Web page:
Some business schools recruiting more ethnic minority students

In the face of inequities in education, several business schools have raised the proportion of ethnic minority students enrolling this year to record highs. Georgia State University’s Robinson College of Business enrolled the most diverse class in its history: 51 percent of US students identify as racial or ethnic minorities. At Berkeley Haas, US minorities reached a record 39 percent from 30 percent last year. At Duke Fuqua, the proportion of ethnic minority students leapt 40 percent this year to 38 percent of the class.

These gains can be attributed to a wide range of diversity and inclusion initiatives. Many business schools are working with nonprofit organizations that foster a more diverse pipeline of MBA candidates through outreach and financial aid, including the Consortium, Management Leadership for Tomorrow, Forte, Reaching Out MBA, and the Summer Institute for Emerging Managers and Leaders.

Others, such as Duke Fuqua, hold workshops for minority applicants to provide them with insight into the admissions process and target historically Black colleges and Spanish speaking institutions.

Scholarship budgets are also ballooning (they doubled at Berkeley Haas between 2018-19) and barriers to admission are coming down, with some schools including Darden waiving admissions testing requirements that some see as a barrier to Black students.

“You have to seed the pipeline with diverse candidates, but then minority students need to have a great experience at business school, and feel like they have a stake in the school’s success,” says Darden’s Davidson. “After they graduate, the best schools make sure those diverse alumni remain engaged, and help grow that powerful network.”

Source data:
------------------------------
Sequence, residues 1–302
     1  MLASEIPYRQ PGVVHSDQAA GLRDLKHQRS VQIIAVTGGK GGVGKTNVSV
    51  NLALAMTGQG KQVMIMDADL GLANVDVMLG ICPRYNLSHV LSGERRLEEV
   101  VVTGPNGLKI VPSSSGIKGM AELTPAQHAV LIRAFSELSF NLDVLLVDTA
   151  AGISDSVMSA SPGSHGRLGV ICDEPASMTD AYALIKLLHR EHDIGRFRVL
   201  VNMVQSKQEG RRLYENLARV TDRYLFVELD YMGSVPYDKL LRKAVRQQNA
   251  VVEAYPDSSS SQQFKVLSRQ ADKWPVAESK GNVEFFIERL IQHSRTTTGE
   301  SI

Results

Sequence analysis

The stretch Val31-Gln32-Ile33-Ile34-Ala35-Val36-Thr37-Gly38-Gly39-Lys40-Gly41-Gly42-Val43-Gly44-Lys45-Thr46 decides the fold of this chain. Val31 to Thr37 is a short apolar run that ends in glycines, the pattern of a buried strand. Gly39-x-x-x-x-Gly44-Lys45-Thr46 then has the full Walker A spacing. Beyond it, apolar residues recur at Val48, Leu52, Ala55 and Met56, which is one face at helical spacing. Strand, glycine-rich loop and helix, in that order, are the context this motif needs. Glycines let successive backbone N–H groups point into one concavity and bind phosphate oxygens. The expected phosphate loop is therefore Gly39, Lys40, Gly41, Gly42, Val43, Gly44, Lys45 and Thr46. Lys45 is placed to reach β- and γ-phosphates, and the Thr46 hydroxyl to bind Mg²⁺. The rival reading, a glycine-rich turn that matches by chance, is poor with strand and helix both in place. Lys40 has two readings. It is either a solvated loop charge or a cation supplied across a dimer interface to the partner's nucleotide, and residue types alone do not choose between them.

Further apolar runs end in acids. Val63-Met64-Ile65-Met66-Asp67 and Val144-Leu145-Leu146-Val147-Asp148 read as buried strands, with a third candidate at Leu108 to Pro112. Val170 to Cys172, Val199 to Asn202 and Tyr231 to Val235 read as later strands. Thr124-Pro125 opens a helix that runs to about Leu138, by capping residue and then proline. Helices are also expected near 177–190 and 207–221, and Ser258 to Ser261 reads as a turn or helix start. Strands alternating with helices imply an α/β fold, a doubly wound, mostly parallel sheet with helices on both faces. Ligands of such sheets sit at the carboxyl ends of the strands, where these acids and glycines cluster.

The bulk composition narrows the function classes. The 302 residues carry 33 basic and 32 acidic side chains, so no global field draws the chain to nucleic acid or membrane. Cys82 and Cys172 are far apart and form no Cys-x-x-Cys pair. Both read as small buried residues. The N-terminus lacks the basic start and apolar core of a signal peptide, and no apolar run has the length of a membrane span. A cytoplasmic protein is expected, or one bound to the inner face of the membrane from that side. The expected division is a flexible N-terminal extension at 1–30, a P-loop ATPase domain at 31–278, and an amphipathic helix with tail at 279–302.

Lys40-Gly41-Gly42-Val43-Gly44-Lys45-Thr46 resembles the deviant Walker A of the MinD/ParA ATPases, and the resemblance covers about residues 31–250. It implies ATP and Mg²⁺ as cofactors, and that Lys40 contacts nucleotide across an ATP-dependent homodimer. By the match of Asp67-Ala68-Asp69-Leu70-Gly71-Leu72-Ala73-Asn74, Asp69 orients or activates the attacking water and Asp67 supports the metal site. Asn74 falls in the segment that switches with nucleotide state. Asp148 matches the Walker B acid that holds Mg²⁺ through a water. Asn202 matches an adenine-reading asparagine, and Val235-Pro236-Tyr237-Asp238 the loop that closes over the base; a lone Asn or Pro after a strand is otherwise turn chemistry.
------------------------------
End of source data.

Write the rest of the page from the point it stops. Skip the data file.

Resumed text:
His school’s annual Diversity Conference connects alumni with students, creating opportunities for mentorship and networking. Held remotely this year, it was more accessible and has never been more popular. Faculty members also created a free online course on the Coursera platform titled Foundations of Diversity, Equity and Inclusion at Work to seed ideas for the business world.

There have also been new appointments and the creation of new leadership positions. At Haas, Porter is the school’s first chief diversity officer, and the school also hired a new director of diversity admissions, while staff, faculty and administrators are going through diversity and inclusion training. Hiring more diverse faculty will be a priority for many schools.

Addressing bias in the curriculum is also important, with case studies often dominated by while male protagonists. “In preparing the leaders of tomorrow, it is imperative that we give students the skills necessary to lead the diverse teams which will continue the lengthy process of eliminating the structural barriers that have long divided our country,” Porter says.  

To ensure further progress, many schools have established new diversity and inclusion working groups of students, faculty, staff and alumni to facilitate greater transparency, communication and accountability. These groups will provide fresh recommendations for affecting positive change in the months ahead.

To spark discussion about uncomfortable subjects like racism, the Robinson College developed a series of town halls to help faculty members engage with students about these issues. “Beyond the near future, universities need to use this pivotal moment as an opportunity to create lasting change across all aspects of the university — from values and curricula to students and faculty,” says the dean, Richard Phillips.